442 F.2d 1184 (9th Cir. 1971), 25298, Agua Caliente Band of Mission Indians v. Riverside County
|Citation:||442 F.2d 1184|
|Party Name:||The AGUA CALIENTE BAND OF MISSION INDIANS, by and through its Tribal Council, et al., Appellants, v. The COUNTY OF RIVERSIDE, a political Subdivision of the State of California, Appellee.|
|Case Date:||May 12, 1971|
|Court:||United States Courts of Appeals, Court of Appeals for the Ninth Circuit|
Raymond Simpson (argued) of Simpson & Rehkop, Long Beach, Cal., Lewis, Roca, Beauchamp & Linton, Phoenix, Ariz., for appellants.
Steven A. Broiles (argued), Deputy County Counsel, Ray T. Sullivan, Jr., County Counsel, Richard J. Lawrence, Deputy County Counsel, Riverside Cal., for appellee.
Evelle J. Younger, Cal. Atty. Gen., Ernest P. Goodman, Asst. Atty. Gen., Edward P. Hollingshead, Walter J. Wiesner, Deputy Attys. Gen., Sacramento, Cal., Robert S. Pelcyger, David H. Getches, Escondido, Cal., Minerva Jenkins, Chairman, Tribal Council, Needles, Cal., amicus curiae.
Before ELY and WRIGHT, Circuit Judges, and SMITH, [a1] District judge.
RUSSELL E. SMITH, District Judge:
The Agua Caliente Band of Mission Indians (hereafter The Band), 1 together with individual members of The Band (hereafter the Allottees) appeal from a judgment of the District Court, 306 F.Supp. 279, refusing to enjoin the imposition of the California Possessory Interest
Tax 2 on the lessees of the Indian land.
The Secretary of the Interior, acting under Congressional authority, 3 allotted to the individual members of The Band and to The Band itself a total of 26,646.28 acres in the area of Palm Springs, California. These lands are interspersed among non-Indian lands in a checkerboard pattern. The legal title to them is in the United States in trust. Of these lands 1250 acres, including eight acres owned by The Band, are under long term leases, made as authorized by 25 U.S.C. Section 415 by the Allottees and The Band with the approval of the Secretary of the Interior. At the time the leases were executed all parties contemplated that the lessees would not be required to pay any taxes by reason of their use and possession of the Indian property.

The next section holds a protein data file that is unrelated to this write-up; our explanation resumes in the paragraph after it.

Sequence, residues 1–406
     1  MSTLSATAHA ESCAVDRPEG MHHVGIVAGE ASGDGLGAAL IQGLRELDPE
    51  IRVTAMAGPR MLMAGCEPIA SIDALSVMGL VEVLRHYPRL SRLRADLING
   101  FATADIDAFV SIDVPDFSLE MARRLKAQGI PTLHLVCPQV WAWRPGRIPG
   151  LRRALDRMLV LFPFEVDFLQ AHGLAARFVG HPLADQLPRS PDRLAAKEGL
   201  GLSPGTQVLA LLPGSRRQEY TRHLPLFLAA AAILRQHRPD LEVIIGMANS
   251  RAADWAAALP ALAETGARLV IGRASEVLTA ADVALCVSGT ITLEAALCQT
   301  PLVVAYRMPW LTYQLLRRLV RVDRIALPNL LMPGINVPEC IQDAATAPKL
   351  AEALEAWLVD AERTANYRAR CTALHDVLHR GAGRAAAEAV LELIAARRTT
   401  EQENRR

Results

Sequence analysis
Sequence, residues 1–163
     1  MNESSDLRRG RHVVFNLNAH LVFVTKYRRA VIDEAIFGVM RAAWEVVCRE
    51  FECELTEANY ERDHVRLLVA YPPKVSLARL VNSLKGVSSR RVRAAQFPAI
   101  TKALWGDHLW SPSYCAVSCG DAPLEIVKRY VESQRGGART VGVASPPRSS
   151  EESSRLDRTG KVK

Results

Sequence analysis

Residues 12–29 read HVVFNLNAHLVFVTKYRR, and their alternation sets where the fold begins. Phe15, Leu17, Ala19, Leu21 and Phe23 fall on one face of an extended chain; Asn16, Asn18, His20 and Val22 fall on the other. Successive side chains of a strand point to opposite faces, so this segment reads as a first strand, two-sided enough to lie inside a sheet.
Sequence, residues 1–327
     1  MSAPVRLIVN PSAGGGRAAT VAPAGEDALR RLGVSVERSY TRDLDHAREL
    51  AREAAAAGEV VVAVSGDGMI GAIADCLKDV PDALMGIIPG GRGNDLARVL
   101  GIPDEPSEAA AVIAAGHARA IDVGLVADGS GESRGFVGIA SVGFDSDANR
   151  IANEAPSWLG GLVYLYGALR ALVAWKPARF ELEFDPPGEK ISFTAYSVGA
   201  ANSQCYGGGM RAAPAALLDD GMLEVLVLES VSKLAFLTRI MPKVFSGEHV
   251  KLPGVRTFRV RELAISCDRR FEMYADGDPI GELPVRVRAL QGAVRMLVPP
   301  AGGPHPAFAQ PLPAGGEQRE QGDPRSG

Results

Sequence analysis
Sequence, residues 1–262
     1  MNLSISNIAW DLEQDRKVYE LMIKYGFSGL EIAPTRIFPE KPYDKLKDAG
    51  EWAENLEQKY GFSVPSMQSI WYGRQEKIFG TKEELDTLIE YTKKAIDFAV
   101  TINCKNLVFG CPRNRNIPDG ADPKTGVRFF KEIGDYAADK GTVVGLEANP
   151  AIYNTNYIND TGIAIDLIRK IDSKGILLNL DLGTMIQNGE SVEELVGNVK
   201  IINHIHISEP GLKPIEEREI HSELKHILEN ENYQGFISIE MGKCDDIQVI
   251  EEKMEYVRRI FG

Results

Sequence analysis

Jurisdiction as to the claims of the Allottees is found in 28 U.S.C. Section 1331, and as to The Band in 28 U.S.C. Section 1331 and Section 1362, unless, as defendants claim, the court is deprived of jurisdiction by 28 U.S.C., Section 1341, which reads: 'The district courts shall not enjoin, suspend or restrain the assessment, levy or collection of any tax under State law where a plain, speedy and efficient remedy may be had in the courts of such State.'
This section has been held to be inapplicable to cases involving taxation of instrumentalities of the United States, at least in cases where the United States is a party. 4 Indian property uniformly is said to be an instrumentality of the United States.
'Perhaps the most frequent reason stressed by the courts for the exemption of Indian property from State taxation is the Federal Instrumentality doctrine. The doctrine in its application to Indians and Indian property is founded upon the premise that the power and duty of governing and protecting tribal Indians is primarily a Federal function, and that a State cannot impose a tax which will substantially impede or burden the functioning of the Federal Government.' Federal Indian Law, Dept. of Int., 1958, page 846. 5
At the instance of the United States, as trustee, State laws taxing Indian property may be contested in the Federal District Court. An Indian, as the beneficial owner of lands held by the United States in trust has a right acting independently of the United States to sue to protect his property interests. 6 The reasons given in United States v. Livingston, supra, for exempting instrumentalities of the United States from the operation of 28 U.S.C. Section 1341 are no less cogent when the right to the exemption is asserted by one who properly could be a co-plaintiff with the United States. We conclude that the District Court did have jurisdiction.
The California tax on possessory interests does not purport to tax the land as such, but rather taxes the 'full cash value' of the lessee's interest in it. 7 Upon default in payment of the tax the Indian lessor is not liable for payment of it and the Indian's title to the land is not encumbered. 8
A substantial amount of evidence was received bearing upon the economic effects of the tax upon the Indian. We conclude from it what we would conclude without it, that it, a lessee can afford to pay more rent if he is not required to pay a possessory interest tax. If an Indian's land is not subject to that tax he enjoys a better bargaining position than he otherwise would, and hence that the tax has an adverse economic effect upon him.
States may not without the consent of Congress tax the property of the United States, 9 nor may they tax instrumentalities of the United States. 10
If the Indian as a beneficial owner of the land, the legal title to which is in the United States, is entitled to no more protection than the United States itself would enjoy, absent a congressional action forbidding the tax, then it is clear that the tax here imposed is valid. In United States v. City of Detroit, supra, (fn. 9) it was held that a tax similar to the California Possessory Interest tax could be levied upon a lessee holding land under a lease from the federal government even though the burden of the tax fell directly upon the United States. If it was not clear before, it is clear since United States v. City of Detroit, supra, that 'the imposition of an increased financial burden on the Government does not, by...
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